Many of the calls I get are from the adult child of a parent with dementia. It’s all too common these days. In some of these cases the parent’s dementia is mild, but they are no longer safe to be home alone.
Two of the major concerns for a senior living alone with dementia are medication management and safety.
When an elderly person has very limited, or no short term memory, the risk of them over medicating or under medicating themselves is very real. And there can be serious consequences of not taking medications correctly.
A senior can become dizzy and fall. They might get too sleepy or not be able to sleep. And if a parent with dementia doesn’t sleep at night this can lead to more trouble.
Another problem with not taking medications correctly can be bowel irregularity. And toileting problems can result in discomfort or toileting accidents. And we’ve seen instances where taking medications incorrectly has caused periods of delusions and/or hallucinations.
Other Concerns For a Parent With Dementia
The safety of any elderly person living alone in their home is always a worry, even if their mind is alert. But when you add dementia to the picture, safety becomes a larger concern.
The reality is that for a parent with dementia, anything you can imagine happening can actually happen. This could be wandering outside and becoming disoriented and lost, or leaving the stove or other hot surface on resulting in a fire.
And the most common reasons any senior ends up in the emergency room become magnified when you have a parent with dementia. These common reasons are falls, dehydration, being under nourished, and urinary tract infections, often due to improper hygiene.
As an eldercare consultant and a child of a parent with Alzheimer’s, I recognize how difficult these situation can be.
How To Best Provide Care For A Parent With Dementia
So what are we to do?
Is moving a parent to assisted living or bringing in some home care better for an elderly person with dementia? Or is doing nothing actually acceptable? These are very difficult questions to answer.
First of all, doing nothing is never acceptable. If you are legally responsible for your parent with dementia or Alzheimer’s, not helping could result in a visit by Adult Protective Services or the police.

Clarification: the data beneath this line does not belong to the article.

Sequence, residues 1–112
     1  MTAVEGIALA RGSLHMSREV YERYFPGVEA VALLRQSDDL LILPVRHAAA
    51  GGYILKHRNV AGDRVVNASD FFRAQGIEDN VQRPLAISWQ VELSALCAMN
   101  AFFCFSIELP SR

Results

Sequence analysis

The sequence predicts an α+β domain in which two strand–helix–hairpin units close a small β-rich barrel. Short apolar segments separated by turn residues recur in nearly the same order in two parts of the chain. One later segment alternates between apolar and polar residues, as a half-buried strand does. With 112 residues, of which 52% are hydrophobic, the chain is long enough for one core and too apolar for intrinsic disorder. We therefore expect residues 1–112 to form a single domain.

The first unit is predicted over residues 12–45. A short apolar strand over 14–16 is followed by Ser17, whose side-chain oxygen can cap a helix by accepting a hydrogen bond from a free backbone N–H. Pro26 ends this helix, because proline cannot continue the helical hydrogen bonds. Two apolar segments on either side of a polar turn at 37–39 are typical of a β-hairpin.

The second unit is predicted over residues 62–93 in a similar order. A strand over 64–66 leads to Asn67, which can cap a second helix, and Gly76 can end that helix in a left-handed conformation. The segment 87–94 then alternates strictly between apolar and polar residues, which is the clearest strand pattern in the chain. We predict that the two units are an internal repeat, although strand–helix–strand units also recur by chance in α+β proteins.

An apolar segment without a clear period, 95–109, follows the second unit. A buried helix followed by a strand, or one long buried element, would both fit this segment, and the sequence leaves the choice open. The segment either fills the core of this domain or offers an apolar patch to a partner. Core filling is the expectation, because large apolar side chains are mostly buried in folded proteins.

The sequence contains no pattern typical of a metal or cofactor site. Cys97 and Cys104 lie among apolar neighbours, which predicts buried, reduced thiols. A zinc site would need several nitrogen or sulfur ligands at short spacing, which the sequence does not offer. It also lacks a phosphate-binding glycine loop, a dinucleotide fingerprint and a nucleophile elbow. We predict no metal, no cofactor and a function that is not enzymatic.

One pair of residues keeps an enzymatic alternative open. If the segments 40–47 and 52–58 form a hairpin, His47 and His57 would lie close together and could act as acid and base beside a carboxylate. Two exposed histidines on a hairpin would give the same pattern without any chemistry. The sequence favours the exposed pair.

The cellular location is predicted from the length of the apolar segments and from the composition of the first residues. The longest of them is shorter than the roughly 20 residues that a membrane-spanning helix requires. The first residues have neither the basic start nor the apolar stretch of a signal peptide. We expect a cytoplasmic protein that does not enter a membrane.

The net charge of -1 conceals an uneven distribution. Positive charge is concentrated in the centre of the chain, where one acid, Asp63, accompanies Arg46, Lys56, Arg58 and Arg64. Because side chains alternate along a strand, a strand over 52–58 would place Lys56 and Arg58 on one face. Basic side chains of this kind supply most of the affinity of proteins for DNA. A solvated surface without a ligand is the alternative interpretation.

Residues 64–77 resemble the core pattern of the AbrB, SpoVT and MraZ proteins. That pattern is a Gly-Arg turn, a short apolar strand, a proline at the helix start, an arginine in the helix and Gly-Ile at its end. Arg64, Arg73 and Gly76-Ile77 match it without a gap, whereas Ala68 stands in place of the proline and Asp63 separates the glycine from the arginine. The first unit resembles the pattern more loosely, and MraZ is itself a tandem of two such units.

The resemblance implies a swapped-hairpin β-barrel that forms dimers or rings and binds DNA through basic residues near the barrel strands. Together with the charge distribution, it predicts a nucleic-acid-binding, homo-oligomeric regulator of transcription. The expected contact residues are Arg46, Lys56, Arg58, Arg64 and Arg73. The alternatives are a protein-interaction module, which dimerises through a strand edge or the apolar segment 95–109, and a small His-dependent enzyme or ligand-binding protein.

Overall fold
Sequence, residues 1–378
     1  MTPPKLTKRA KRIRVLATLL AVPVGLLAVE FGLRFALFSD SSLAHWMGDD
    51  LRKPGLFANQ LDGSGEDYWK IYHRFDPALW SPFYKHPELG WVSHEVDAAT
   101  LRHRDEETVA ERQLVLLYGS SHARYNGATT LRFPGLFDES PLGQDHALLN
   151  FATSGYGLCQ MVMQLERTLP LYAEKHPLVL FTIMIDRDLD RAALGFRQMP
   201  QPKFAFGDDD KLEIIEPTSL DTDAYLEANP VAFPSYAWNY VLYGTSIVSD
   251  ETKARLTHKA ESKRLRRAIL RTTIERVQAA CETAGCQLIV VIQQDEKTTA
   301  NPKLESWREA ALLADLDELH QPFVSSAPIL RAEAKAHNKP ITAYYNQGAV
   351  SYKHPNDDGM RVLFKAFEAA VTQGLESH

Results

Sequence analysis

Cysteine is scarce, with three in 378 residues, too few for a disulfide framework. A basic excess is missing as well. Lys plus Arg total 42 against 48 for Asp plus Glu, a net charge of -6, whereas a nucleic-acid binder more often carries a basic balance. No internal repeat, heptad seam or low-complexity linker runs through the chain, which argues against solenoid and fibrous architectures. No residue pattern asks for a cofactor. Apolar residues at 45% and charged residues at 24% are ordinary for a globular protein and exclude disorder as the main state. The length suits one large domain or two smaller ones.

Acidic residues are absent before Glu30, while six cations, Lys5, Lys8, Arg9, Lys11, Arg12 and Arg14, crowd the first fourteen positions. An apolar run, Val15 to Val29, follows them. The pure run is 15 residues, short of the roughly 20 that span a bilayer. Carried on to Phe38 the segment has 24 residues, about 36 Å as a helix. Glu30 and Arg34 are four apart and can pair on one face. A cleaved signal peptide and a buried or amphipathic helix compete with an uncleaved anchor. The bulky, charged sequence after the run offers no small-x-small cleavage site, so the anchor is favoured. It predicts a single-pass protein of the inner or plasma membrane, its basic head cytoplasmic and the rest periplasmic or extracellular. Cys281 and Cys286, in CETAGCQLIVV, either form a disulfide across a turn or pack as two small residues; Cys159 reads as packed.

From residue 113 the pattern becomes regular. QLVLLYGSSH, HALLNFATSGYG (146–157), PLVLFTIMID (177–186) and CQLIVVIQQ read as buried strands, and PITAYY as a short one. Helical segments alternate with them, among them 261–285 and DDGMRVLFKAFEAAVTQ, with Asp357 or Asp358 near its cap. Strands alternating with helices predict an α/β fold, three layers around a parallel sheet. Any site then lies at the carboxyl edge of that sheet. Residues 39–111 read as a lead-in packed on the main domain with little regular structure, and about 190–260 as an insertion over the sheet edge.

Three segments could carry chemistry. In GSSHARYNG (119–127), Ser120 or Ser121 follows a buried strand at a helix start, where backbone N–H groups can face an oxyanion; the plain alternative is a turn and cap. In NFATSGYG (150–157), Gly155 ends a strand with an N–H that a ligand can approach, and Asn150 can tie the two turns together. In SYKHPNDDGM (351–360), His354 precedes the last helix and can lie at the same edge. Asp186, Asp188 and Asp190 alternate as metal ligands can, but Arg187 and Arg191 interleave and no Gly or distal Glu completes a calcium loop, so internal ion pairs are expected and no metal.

The second two options- home care or assisted living – may both be appropriate. But this will depend upon many factors and each family’s personal situation.
One of the biggest hurdles of home care is the cost. Home care can be expensive, especially if your loved one has dementia. Not knowing what time of day, or in what circumstance your loved one’s safety may be compromised, could require that a caregiver be in the home 24 hours a day, 7 days a week. And round the clock care in San Diego County can be $400-$500 a day.
However, if it’s possible, finding a good in home care service with a dementia qualified caregiver may be just the answer.
The second option, moving your loved one with dementia to assisted living, also has hurdles. It’s not that there aren’t enough “memory care” or “memory support” communities in San Diego County, because there are plenty. It’s finding the community or home that is most appropriate for your unique situation.
Important Care Criteria For A Parent With Dementia
Your biggest challenge could be in determining which setting is most appropriate and safest for your loved one with memory loss. Some of the important criteria are: location, size, cost, level and type of care provided, activities, transportation, medical personnel on staff, caregiver to resident ratio etc.
If you are in this situation and would like to talk about your loved one and what they need, we’re happy to help.
Once we meet your loved one, and/or have a complete understanding of who they are, what their care needs are and a description of their circumstances, we can narrow down your options considerably.